January 17 – Lucknow
(written by James Hearsum, photos by Aubree Pack)
(The group in front of the institute with the Director and two department heads)
Video Link: All Aboard!!!! … the Crazy Train. (Before we talk about how awesome the day at The National Botanic Research Institute was, we have to SHOW YOU how awesome it was getting there…)
The National Botanical Research Institute today provided a full schedule of meetings, tours and presentations explaining their research, outreach and facilities. The day began with a meeting with the Director and Heads of each research department including Biotechnology, Ethnopharmacology, Floriculture, Conservation, Microbiology and much more. These senior scientists direct a research staff of 100 scientists plus a support staff bringing the total to 500.
(The Cacti House)
The Director expressed a great desire to collaborate internationally by sharing both germplasm and expertise. The garden has both a history and a current pipeline of new plants, scientific techniques and pure research that it is keen to see enter new markets. It has had success especially in developing GM cotton, which is now grown on 8.2m of India’s 9.2m Hectares of cotton fields.
(Greeting cards made by staff at NBRI – completely out of natural materials!)
The institute is particularly keen to develop ornamental floriculture products that are appropriate to small-scale farmers with varying levels of education and capital. It is developing research in tandem with an outreach program to provide a network of agriculturists with basic training, able to train others in turn.
(Irrigation techniques involved planting beds to be lower than the actual surface. The beds are flooded once a day in the summer months and every other day in the winter months.)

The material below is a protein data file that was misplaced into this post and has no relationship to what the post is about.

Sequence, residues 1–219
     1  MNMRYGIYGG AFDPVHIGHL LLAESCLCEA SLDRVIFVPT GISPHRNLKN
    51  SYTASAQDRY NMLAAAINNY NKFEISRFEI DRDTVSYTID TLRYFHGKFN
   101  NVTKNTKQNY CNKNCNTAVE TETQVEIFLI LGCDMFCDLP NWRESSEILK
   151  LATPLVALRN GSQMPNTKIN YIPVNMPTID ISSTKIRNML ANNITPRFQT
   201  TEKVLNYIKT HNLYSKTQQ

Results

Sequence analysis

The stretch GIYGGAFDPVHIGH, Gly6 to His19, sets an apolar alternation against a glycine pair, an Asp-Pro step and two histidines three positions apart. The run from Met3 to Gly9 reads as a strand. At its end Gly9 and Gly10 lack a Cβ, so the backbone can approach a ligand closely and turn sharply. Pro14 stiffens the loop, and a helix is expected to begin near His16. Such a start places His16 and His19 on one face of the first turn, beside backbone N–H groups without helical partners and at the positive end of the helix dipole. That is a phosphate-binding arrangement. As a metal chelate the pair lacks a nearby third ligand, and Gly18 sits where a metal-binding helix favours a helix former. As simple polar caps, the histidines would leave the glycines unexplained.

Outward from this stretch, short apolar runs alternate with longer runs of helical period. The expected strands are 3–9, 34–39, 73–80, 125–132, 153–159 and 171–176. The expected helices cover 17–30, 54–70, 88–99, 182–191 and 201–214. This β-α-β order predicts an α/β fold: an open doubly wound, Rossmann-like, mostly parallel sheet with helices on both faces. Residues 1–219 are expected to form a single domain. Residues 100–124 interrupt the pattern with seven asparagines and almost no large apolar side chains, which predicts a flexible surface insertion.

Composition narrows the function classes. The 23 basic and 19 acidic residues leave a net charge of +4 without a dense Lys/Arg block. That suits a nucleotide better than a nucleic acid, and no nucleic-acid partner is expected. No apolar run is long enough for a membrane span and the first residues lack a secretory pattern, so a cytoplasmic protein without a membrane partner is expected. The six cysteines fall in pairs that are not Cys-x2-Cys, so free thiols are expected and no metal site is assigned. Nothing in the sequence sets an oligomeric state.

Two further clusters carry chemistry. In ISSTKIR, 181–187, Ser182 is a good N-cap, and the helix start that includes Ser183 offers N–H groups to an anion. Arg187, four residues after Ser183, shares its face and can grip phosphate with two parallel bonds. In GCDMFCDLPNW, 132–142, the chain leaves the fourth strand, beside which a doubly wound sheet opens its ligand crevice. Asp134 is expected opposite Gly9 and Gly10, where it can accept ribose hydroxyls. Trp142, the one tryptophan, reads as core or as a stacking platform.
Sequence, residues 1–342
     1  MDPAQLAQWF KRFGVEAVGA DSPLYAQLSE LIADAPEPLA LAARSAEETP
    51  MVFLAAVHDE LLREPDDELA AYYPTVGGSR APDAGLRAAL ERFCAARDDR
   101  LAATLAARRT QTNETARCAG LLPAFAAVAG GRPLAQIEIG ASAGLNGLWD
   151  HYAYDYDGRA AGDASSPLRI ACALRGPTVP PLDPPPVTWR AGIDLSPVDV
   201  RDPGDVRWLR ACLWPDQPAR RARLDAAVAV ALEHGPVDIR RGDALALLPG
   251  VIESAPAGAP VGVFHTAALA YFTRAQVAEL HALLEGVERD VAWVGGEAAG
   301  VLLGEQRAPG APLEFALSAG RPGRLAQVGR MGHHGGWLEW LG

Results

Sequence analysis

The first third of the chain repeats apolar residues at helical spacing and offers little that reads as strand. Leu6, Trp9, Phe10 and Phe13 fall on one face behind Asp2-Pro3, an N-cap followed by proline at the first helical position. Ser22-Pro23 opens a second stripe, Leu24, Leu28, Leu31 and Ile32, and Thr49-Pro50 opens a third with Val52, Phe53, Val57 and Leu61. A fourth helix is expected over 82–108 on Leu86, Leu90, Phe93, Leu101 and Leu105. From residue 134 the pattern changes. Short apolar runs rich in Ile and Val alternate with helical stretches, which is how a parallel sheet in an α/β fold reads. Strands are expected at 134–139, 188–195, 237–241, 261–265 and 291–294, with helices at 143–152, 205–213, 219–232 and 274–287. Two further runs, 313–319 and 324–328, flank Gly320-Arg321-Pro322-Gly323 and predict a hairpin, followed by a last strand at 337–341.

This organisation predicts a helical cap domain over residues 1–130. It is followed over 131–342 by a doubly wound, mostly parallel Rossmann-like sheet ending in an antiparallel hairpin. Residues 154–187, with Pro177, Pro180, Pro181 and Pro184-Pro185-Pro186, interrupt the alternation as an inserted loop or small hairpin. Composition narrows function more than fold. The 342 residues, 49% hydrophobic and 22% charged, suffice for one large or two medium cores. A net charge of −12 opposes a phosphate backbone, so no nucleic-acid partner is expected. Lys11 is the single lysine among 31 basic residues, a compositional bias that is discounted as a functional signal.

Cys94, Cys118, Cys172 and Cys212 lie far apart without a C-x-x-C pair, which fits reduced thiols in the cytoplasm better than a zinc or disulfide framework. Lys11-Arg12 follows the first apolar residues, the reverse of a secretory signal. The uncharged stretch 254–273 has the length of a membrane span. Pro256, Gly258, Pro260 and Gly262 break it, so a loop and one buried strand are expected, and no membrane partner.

(Another view of irrigation, although this shows their Canna germplasm collection.)
The day continued with tours of the garden, including rose gardens, cycad house, and germplasm collections of Bougainvillea, Cannas and Chrysanthemums. A new cacti house has been recently landscaped and holds collections for both research and display. Of great interest to many of us was a fantastic moss collection. This was housed in its own, ultra-high humidity zone. None of us envied the horticulturist’s need to weed with tweezers between species of moss, lichen and liverwort!
A presentation of India’s floral diversity highlighted the range and vulnerability of much of India’s flora. Whilst there are great science institutes working to research both the conservation and application of many of these rare plant species, the task must at times seem overwhelming.
(Some of the Lichen specimens housed in the herbarium)
Following a great lunch provided by the garden (Thanks!) we visited the herbarium and IT departments. The NBRI houses a national collection developed since the 1950’s extending to 97 000 accessions, including 290 Type collections. Of particular interest was the Institutes unique database system. This has been developed in-house over a number of years to provide for the level of comprehensiveness and accessibility not found in other systems used elsewhere. In use for just over 6 months, this has revolutionised access to important plant data and is available for all via the Institutes website.
The day was exquisitely organised and presented and provided an unparalleled opportunity to see science and conservation in action through a Botanic Garden.
(The Director presents each of us with an array of exciting take away gifts!)